The elements of a list are the successive cars along the "cdr chain." That is, the elements are the car, the car of the cdr, the car of the cdr of the cdr, etc.
AntonymsEdit
Derived termsEdit
Related termsEdit

GalleryEdit

AnagramsEdit


AromanianEdit

Alternative formsEdit

EtymologyEdit

From Latin carrus, from Gaulish karros. Compare Romanian car.

NounEdit

car n (plural cari)

  1. chariot
  2. ox-cart

Related termsEdit


CatalanEdit

EtymologyEdit

From Latin cārus.

PronunciationEdit

AdjectiveEdit

car (feminine cara, masculine plural cars, feminine plural cares)

  1. expensive
  2. (poetic) dear

CzechEdit

EtymologyEdit

From Old Church Slavonic цѣсарь (cěsarĭ), from Ancient Greek Καῖσαρ (Kaîsar), from Latin Caesar.

PronunciationEdit

NounEdit

car m

  1. tsar

Derived termsEdit

Further readingEdit

  • car in Příruční slovník jazyka českého, 1935–1957
  • car in Slovník spisovného jazyka českého, 1960–1971, 1989

FrenchEdit

PronunciationEdit

Etymology 1Edit

From Old French quer (as, since, because, for), from Latin quārē (how; why).

ConjunctionEdit

car

  1. as, since, because, for
    J’ai ouvert mon parapluie car il pleuvait.
    I opened my umbrella because it was raining.
SynonymsEdit

Etymology 2Edit

Borrowed from English car, itself borrowed from Anglo-Norman and the Old Northern French car, variant of Old French char. Doublet of char.

NounEdit

car m (plural cars)

  1. car
  2. coach
    Les élèves vont à l’école en car.The pupils go to school by coach.
SynonymsEdit

AnagramsEdit

Further readingEdit


InterlinguaEdit

AdjectiveEdit

car (comparative plus car, superlative le plus car)

  1. dear; beloved; cherished
  2. expensive

IrishEdit

EtymologyEdit

From Old Irish caraid, from Proto-Celtic *kareti (to love), from Proto-Indo-European *keh₂- (to desire, wish).

PronunciationEdit

VerbEdit

car (present analytic carann, future analytic carfaidh, verbal noun carthain, past participle cartha)

  1. to love
  2. be devoted to

ConjugationEdit

MutationEdit

Irish mutation
Radical Lenition Eclipsis
car char gcar
Note: Some of these forms may be hypothetical. Not every
possible mutated form of every word actually occurs.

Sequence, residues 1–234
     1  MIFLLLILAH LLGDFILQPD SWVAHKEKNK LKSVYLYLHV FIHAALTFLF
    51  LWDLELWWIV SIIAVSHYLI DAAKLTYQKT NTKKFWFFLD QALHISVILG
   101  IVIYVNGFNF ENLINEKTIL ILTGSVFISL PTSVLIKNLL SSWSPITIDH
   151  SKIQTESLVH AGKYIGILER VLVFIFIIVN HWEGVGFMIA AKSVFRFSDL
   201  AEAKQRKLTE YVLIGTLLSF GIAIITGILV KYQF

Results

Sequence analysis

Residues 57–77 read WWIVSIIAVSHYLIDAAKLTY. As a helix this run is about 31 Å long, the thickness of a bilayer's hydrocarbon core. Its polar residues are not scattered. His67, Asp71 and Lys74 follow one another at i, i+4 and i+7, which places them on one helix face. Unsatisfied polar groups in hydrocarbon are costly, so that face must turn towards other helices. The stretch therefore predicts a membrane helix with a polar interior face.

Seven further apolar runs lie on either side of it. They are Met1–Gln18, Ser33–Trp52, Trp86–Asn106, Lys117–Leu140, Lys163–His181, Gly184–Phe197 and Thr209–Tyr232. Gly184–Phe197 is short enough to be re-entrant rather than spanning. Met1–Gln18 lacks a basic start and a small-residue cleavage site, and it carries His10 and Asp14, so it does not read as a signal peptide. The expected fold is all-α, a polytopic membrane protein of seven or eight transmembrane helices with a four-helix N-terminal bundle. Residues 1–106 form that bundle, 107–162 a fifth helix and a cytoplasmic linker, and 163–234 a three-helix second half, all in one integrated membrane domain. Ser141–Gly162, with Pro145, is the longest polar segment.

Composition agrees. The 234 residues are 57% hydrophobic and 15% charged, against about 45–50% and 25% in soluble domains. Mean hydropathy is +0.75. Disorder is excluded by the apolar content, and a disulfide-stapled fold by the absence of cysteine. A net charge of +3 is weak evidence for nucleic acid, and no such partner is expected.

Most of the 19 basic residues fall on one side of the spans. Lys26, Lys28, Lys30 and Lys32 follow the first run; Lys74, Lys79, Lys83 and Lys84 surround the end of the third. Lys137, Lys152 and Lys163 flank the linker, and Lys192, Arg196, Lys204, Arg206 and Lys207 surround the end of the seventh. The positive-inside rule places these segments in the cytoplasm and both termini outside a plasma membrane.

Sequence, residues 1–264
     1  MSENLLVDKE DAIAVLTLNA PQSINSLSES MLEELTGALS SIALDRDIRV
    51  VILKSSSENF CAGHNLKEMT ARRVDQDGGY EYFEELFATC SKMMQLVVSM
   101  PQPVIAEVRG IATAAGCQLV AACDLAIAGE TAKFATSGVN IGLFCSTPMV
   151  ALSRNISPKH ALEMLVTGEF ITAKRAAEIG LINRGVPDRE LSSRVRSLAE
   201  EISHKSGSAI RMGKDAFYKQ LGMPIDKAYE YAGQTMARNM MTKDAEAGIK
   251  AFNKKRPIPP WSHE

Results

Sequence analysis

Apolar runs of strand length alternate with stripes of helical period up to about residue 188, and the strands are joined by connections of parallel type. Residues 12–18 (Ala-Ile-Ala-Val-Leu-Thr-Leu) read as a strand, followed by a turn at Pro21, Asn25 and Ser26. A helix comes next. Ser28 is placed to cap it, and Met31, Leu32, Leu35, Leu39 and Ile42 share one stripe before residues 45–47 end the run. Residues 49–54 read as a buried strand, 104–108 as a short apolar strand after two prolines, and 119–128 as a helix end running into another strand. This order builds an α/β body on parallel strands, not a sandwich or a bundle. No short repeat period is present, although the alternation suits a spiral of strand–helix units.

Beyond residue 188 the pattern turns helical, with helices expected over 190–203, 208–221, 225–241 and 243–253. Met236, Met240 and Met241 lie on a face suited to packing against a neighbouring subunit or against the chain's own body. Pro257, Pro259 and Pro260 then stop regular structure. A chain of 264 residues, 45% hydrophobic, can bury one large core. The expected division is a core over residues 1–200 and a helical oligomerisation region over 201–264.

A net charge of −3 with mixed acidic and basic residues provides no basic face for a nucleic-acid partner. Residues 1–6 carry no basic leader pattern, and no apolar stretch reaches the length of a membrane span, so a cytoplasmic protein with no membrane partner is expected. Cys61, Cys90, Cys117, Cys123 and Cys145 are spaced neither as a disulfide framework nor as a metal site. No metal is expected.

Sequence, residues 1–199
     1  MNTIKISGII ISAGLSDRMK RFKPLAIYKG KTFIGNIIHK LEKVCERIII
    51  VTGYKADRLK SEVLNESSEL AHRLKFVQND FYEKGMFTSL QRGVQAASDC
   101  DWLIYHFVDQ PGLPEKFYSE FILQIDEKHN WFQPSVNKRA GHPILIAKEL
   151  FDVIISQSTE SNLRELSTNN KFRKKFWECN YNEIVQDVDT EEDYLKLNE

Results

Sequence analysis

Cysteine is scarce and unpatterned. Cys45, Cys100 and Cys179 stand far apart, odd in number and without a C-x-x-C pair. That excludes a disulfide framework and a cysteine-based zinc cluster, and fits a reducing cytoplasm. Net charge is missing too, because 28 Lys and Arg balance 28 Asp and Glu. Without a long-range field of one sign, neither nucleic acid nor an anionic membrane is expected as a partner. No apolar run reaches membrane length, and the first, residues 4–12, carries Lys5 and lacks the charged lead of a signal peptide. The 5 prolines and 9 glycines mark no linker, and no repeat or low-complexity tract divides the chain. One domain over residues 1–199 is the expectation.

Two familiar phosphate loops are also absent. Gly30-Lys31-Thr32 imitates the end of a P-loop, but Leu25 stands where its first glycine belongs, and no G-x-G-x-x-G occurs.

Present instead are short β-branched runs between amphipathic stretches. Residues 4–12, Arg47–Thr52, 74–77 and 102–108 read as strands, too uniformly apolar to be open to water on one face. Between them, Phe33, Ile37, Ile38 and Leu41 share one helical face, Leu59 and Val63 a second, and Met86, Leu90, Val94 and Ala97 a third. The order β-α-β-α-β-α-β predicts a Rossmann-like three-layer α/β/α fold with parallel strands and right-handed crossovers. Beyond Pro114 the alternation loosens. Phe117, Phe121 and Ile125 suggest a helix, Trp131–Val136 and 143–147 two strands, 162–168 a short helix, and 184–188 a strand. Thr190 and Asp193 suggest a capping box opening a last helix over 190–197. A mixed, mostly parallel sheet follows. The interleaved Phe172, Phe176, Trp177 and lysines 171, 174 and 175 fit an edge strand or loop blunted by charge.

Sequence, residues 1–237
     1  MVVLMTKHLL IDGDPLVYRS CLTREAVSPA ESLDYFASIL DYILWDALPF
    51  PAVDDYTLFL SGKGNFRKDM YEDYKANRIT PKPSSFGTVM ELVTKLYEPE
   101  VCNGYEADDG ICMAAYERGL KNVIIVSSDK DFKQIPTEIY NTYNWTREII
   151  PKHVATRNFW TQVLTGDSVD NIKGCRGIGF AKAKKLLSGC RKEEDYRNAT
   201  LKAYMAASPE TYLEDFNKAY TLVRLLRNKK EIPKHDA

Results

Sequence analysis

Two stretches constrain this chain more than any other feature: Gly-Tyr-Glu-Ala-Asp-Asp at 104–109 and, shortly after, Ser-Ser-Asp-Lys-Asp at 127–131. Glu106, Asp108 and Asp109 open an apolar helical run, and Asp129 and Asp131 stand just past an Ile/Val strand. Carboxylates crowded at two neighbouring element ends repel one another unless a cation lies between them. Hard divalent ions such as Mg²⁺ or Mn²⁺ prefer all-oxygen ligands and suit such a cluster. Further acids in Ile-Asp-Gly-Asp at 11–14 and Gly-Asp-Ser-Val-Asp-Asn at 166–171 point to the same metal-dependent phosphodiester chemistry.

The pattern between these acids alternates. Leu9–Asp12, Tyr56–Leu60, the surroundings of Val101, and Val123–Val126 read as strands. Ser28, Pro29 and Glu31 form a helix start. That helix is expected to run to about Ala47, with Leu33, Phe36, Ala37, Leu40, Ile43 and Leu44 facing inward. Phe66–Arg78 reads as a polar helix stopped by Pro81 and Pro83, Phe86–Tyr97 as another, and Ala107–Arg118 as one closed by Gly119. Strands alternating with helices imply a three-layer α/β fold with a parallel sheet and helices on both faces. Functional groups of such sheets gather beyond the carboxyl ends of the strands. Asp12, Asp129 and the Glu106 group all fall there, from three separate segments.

SynonymsEdit


LojbanEdit

RafsiEdit

car

  1. rafsi of carna.

Middle FrenchEdit

ConjunctionEdit

car

  1. for (because)

DescendantsEdit


OccitanEdit

EtymologyEdit

From Latin cārus.

AdjectiveEdit

car m (feminine singular cara, masculine plural cars, feminine plural caras)

  1. dear
  2. expensive

PolishEdit

 
Polish Wikipedia has an article on:
Wikipedia pl

EtymologyEdit

From Old Church Slavonic цѣсарь (cěsarĭ), from Ancient Greek Καῖσαρ (Kaîsar), from Latin Caesar.

PronunciationEdit

NounEdit

car m pers

  1. czar, tsar, tzar (title of the former emperors of Russia)

DeclensionEdit

Derived termsEdit


RomanianEdit

Etymology 1Edit

From Latin carrus, from Gaulish karros.

NounEdit

car n (plural care)

  1. cart
  2. chariot
DeclensionEdit
Related termsEdit

Etymology 2Edit

From Latin caries or carius.

Alternative formsEdit

NounEdit

car m (plural cari)

  1. death-watch beetle
DeclensionEdit

Scottish GaelicEdit

EtymologyEdit

  This entry lacks etymological information. If you are familiar with the origin of this term, please add it to the page per etymology instructions. You can also discuss it at the Etymology scriptorium.

NounEdit

car m (genitive singular cuir, plural caran)

  1. job
  2. twist, turn
  3. trick
  4. bit

Derived termsEdit

AdverbEdit

car

  1. somewhat, quite, rather
    Tha thu car fadalach.You're somewhat late.
    Thig an stòiridh gu ceann car obann.The story came to an end somewhat abruptly.

Related termsEdit


Serbo-CroatianEdit

EtymologyEdit

From Proto-Slavic *cěsarь, *cьsarь, from Gothic 𐌺𐌰𐌹𐍃𐌰𐍂 (kaisar), from Latin Caesar.

PronunciationEdit

NounEdit

cȁr m (Cyrillic spelling ца̏р)

  1. czar, emperor, monarch

DeclensionEdit

Derived termsEdit


SloveneEdit

EtymologyEdit

From Serbo-Croatian cȁr, from Proto-Slavic *cьsarь, from Gothic 𐌺𐌰𐌹𐍃𐌰𐍂 (kaisar), from Latin Caesar.

PronunciationEdit

NounEdit

cár m anim (genitive cárja, nominative plural cárji, feminine caríca or cárinja)

  1. tsar

DeclensionEdit

See alsoEdit


VolapükEdit

PronunciationEdit

NounEdit

car (plural cars)

  1. (weapon) bow

DeclensionEdit


WelshEdit

EtymologyEdit

From Middle Welsh carr, from Proto-Brythonic *karr, from Proto-Celtic *karros.

PronunciationEdit

NounEdit

car m (plural ceir)

  1. car

MutationEdit

Welsh mutation
radical soft nasal aspirate
car gar nghar char
Note: Some of these forms may be hypothetical. Not every
possible mutated form of every word actually occurs.